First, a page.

SLIGHTLY OFF THE MARK
The first hundred people to visit my website could win a Ginsu knife set! Yeah, I'm totally making that up.
I have a web site. With my name on it.
And it’s weird.
For those who don’t use that newfangled internet thing – and there are still some out there – a website is simply a theoretical location on the World Wide Web (does anyone call it that anymore?) where you can set up your own little place. Call it a shop, or newsletter, or maybe a little front porch where you can sit and comment on the world going on around you.
My little place is called MarkRHunter.com, and I suppose it’s all three. It’s a shop because eventually I’ll sell my books from there, along with other things. A t-shirt saluting my column, with Slightly off the Mark emblazoned on the front? Why not?
It’s a newsletter because it will include – wait for it – news. News about all that stuff that hasn’t happened yet: publication dates, (breaking news – June of this year!) book signings, the availability of t-shirts, whatever. It also has a link to my blog. That’s just a journal, and in this case it links to my long-time LiveJournal site (five years or so -- a long time by internet standards).
There’s also a link to the web sites for both the Albion New Era and the Churubusco News, because there needs to be some anchor to the real print world, after all.
It’s a place to comment on the world because that’s what I do in my blog and column (which is archived on the ‘Busco News site). People can comment back, because that’s what communications is all about: There’s a link to my Twitter feed (I wouldn’t begin to know how to describe Twitter to a non-net person, except that it’s the modern equivalent of conversational small talk), a guestbook people can sign, and a way to contact me by e-mail.
Um, everyone knows what e-mail is … right?
There’s a gallery of photos taken by me (and photos of me, but the less said about that the better), and even a list of my writing projects that I haven’t sold yet. In theory, agents and editors could drop by, see the blurbs for unpublished stories, and seek me out for a possible work relation. In reality … well, let’s just say it happens, but it’s unlikely.
There are also details that haven’t been released to the public yet about the story I have sold, Storm Chaser – including the book’s opening scene – and a video blurb for the novel, which Emily put together. (Have I mentioned how wonderful my fiancée/web master is?)
There’s a link to the Albion Fire Department’s website – after all, I’m writing the history of the department. Also, although I haven’t told anyone yet, two of the characters from Storm Chaser are fictional members of the AFD. I haven’t decided when to reveal that connection to reality. Maybe next month.
Finally, there are links to a Facebook website set up in my name (and isn’t that weird) and to the Town of Albion’s website, ‘cause I’m all about the home turf.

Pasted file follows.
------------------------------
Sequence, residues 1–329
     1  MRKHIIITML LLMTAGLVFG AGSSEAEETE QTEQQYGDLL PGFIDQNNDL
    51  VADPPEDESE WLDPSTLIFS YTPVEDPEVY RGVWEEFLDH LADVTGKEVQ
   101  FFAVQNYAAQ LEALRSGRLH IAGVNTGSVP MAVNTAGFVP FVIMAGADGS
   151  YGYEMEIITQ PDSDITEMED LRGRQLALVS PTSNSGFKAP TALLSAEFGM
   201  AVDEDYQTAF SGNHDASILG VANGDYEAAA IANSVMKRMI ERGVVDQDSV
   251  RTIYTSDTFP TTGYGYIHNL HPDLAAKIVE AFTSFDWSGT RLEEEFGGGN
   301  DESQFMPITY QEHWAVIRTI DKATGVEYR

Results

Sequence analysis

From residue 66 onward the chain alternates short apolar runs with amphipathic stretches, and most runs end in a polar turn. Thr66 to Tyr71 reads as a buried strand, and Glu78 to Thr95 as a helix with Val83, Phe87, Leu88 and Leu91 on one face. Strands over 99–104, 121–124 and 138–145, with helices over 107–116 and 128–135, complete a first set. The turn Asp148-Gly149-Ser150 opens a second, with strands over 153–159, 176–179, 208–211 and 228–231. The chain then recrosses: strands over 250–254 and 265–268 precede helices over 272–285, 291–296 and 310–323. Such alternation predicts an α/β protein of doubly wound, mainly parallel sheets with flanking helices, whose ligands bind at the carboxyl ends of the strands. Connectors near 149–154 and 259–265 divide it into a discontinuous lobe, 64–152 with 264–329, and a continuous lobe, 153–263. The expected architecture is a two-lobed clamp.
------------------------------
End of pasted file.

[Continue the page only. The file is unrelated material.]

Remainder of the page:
Yeah. That’s cool.
There are two purposes for creating an author’s website: To sell the writer’s work, and to keep in touch with the reading audience. I think the site, which was created by Emily, does a fine job of both.
So, what’s weird?
What’s weird is the idea of seeing a website with my name on it.
By the way, if you decide to visit it’s www.MarkRHunter.com, and you have to type in that R. (Reliable is my middle name. No, honest. Or is it Recluse?) That’s because there are 7,839,274 Mark Hunters on the internet, and over twelve thousand of them are writers. In fact, if you type that web address in without the middle initial you’ll get the website of a Mark Hunter who starts by explaining he’s the other Mark Hunter – and not one of those others is me. (I just discovered that there's even another Mark R Hunter on Facebook -- my R has the period after it, and his doesn't.)
On the other hand, here’s something cool: I just typed “Mark Hunter writer” into Google, and the first hit was my website!
Anyway, it’s so odd to sit in front of the computer and see an entire website, which Emily plugged away at creating for weeks, dedicated to … me. Oh, it’s necessary. The days when a writer could be a recluse, holed up inside his house and letting other people do all the publicity for him, are over. Publishing houses can’t afford to push any writer who’s not already established, and boy am I not established.
So here I am, heavily involved in my own publicity regardless of whether I’d rather be writing, and in the 21st Century you can bet publicity starts with a website. Basically, I’m plugging myself. Telling everyone, “Read me! Read me! And keep a space on your shelf for my first book because I’m awesome and worth your time and money!”
It just doesn’t sit well with me. It feels like it’s bragging, probably because it is. It’s an open question whether my mother will be proud of me or slap me upside the head for being so full of myself.
Still, my long term goal remains to become a full time writer. Not like now, as a second full time job, but as my only full time job. That means not only hard work and selling myself, but writing an entire novel every year just to pull in enough money to pay for postage, computers, and the internet bill. And the web site fee, of course. And you don’t get paid, ever, for writing a novel – you get paid for selling them.
So there I am, with my web footprint at www.MarkRHunter.com (Why, yes, I am pushing that, why?) Our goal (“our” because Emily knows how to do this stuff; I just write) is to keep people entertained and interested, and eventually to sell them books. It’s nice to have a goal.
So stay tuned. Or, um, plugged in. Or wired. Well, just keep reading.